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Implant-supported fixed and removable prostheses in the fibular mandible
International Journal of Implant Dentistry volume 6, Article number: 44 (2020)
To restore the health-related quality of life (HRQoL) of patients who underwent jaw resection and reconstruction surgery, dental rehabilitation is an essential procedure and also one of the most challenging for oral and maxillofacial surgeons. Even though recent studies have reported the possibility and reliability of dental implant rehabilitation with the fibula free flap (FFF), clinical reports of long-term follow-up cases are scarce. We herein reported seven cases of FFF reconstruction and implant rehabilitation. We also discussed implant planning strategy and surgical techniques.
From 2012 to 2019, seven patients were treated with FFF reconstructive jaw surgery combined with dental implant installation and fabrication of implant-supported prostheses at Seoul National University Dental Hospital, Seoul, Korea. Patient characteristics and FFF treatment results were collected. Records of dental implants were analyzed clinically and radiologically.
Among the seven patients in this report, there were three males and four females, with an average age of 54.4 years. A total of 39 implants were placed in the fibular bone. The mean follow-up period after implant installation was 24 months. Five implants failed and were removed 3 months after installation. The implant success rate was 87.2%. Marginal bone loss at 12 months after loading was 0.23 ± 0.18 mm on the mesial side and 0.25 ± 0.26 mm on the distal side.
With the challenges present in FFF-reconstructed patients, an implant-supported prosthesis is a reliable option for stable and functional oral rehabilitation. The implant-supported prosthesis on the FFF has great results regarding restoration of function (mastication, swallowing, and speaking), appearance, and overall HRQoL. Collaboration between surgeons and prosthodontists is essential for a satisfying outcome.
Since first described in 1975 by Taylor et al., fibula free flap (FFF) has been considered the gold standard technique for reconstruction of mandibular or maxillary deficiencies [1, 2]. The main advantages of FFF are (1) adequate bone stock and bone length to match the maxillary and mandibular defects; (2) ideal vascular pedicle for vessel anastomosis and sufficient skin flap for reconstruction of intraoral and/or extraoral defects; and (3) adequate wide diameter for dental implantation and implant-supported prostheses [3,4,5]. The indication for FFF reconstruction varies, including reconstruction of bone and soft tissue defects of the oral cavity due to neoplasm ablative treatment, osteomyelitis resection, post-traumatic defects, and congenital facial deformities.
To restore the health-related quality of life (HRQoL) of patients who underwent jaw resection and reconstruction surgery, dental rehabilitation is an essential procedure and also one of the most challenging for oral and maxillofacial surgeons. In FFF reconstructive cases, reconstruction usually offers favorable bony volume and bone quality, which allows for stable dental implant installation and fabrication of functional and aesthetic implant-supported prostheses . Even though there are still several limitations, such as the disadvantages of graft soft tissue and the effects of resection surgery and radiotherapy, recent studies have reported a high success rate, indicating the possibility and reliability of dental implant rehabilitation in FFF [4, 7].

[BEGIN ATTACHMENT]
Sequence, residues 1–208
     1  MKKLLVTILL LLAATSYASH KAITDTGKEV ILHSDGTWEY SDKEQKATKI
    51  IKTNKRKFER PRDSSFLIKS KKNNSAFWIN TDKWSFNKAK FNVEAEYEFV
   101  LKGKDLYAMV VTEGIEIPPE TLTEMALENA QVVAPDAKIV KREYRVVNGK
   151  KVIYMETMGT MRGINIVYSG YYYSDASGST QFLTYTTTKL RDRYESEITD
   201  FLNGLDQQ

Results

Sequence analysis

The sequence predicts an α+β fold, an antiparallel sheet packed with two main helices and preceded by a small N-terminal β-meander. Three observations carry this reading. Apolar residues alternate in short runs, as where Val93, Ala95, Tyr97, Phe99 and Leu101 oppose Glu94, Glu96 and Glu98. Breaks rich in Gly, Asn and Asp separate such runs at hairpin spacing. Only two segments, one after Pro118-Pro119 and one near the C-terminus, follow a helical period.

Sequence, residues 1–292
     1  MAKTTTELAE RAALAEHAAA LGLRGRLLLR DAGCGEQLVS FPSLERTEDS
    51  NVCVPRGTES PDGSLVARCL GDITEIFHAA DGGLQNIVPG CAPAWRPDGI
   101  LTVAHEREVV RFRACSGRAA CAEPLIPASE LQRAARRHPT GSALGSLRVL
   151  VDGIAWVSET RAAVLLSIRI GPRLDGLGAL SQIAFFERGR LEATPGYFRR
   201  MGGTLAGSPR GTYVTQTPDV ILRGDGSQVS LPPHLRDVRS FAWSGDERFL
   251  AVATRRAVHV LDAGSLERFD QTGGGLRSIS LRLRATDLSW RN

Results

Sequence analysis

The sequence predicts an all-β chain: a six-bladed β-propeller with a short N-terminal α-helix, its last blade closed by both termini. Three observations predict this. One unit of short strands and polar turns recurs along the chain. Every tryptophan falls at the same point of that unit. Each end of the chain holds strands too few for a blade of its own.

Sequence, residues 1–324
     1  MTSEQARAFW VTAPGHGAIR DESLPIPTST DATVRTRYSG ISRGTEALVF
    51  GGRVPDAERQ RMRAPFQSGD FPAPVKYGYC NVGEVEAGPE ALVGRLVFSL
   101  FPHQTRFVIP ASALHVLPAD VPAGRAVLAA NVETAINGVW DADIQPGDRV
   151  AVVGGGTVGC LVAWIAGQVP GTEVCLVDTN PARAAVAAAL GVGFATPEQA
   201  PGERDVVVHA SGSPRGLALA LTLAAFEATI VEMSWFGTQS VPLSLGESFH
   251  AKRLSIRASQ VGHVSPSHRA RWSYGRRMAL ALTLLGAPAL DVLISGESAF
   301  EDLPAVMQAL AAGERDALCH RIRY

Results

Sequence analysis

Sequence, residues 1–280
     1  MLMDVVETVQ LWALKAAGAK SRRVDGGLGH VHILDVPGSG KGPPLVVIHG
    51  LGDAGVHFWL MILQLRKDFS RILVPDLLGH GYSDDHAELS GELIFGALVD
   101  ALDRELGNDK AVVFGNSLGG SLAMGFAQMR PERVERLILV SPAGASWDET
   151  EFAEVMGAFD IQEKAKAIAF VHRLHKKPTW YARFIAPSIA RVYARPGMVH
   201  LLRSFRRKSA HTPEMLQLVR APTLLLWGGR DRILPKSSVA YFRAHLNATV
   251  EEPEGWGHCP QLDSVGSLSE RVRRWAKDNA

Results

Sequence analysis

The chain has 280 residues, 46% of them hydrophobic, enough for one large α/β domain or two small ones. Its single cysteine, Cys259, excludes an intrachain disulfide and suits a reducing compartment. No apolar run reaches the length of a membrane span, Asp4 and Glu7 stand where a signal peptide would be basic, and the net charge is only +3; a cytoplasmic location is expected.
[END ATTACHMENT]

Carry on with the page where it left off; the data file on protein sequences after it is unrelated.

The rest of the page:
We report seven cases of FFF reconstruction and implant rehabilitation in patients treated for cancer, osteomyelitis, ameloblastoma, or facial deformity. We also discuss the implant planning strategy and surgical techniques in this study.
This study is reported following the Strengthening the Reporting of Observational Studies in Epidemiology (STROBE) guidelines . Among the patients who visited Seoul National University, Oral and Maxillofacial Surgery Department, those with fibula free flap surgery were identified using the electronic medical record (EMR) and Ordering Communication System (OCS). The study protocol and access to patient records were approved by the Institutional Review Board of Seoul National University, Seoul, Korea.
After the initial screening, records of a total of 57 patients who underwent fibula free flap treatment by a single surgeon (SMK) were obtained. Among those 57 patients, nine patients received the implant installation. Only patients who had full surgical and follow-up records were included. All surgical procedures (reconstructions and implant installations) were performed by one surgical team, and patient records were retrospectively reviewed with the following inclusion criteria:
Age > 18
Receipt of FFF.
Treatment with a two-stage surgical protocol.
Fabrication and delivery of prosthesis following implant installation.
Clinical and radiogram data were available for all treatment periods and follow-up visits.
After applying the inclusion criteria, a total of seven patients were selected. The main exclusion reasons were lacking data regarding prosthesis fabrication and lacking follow-up record.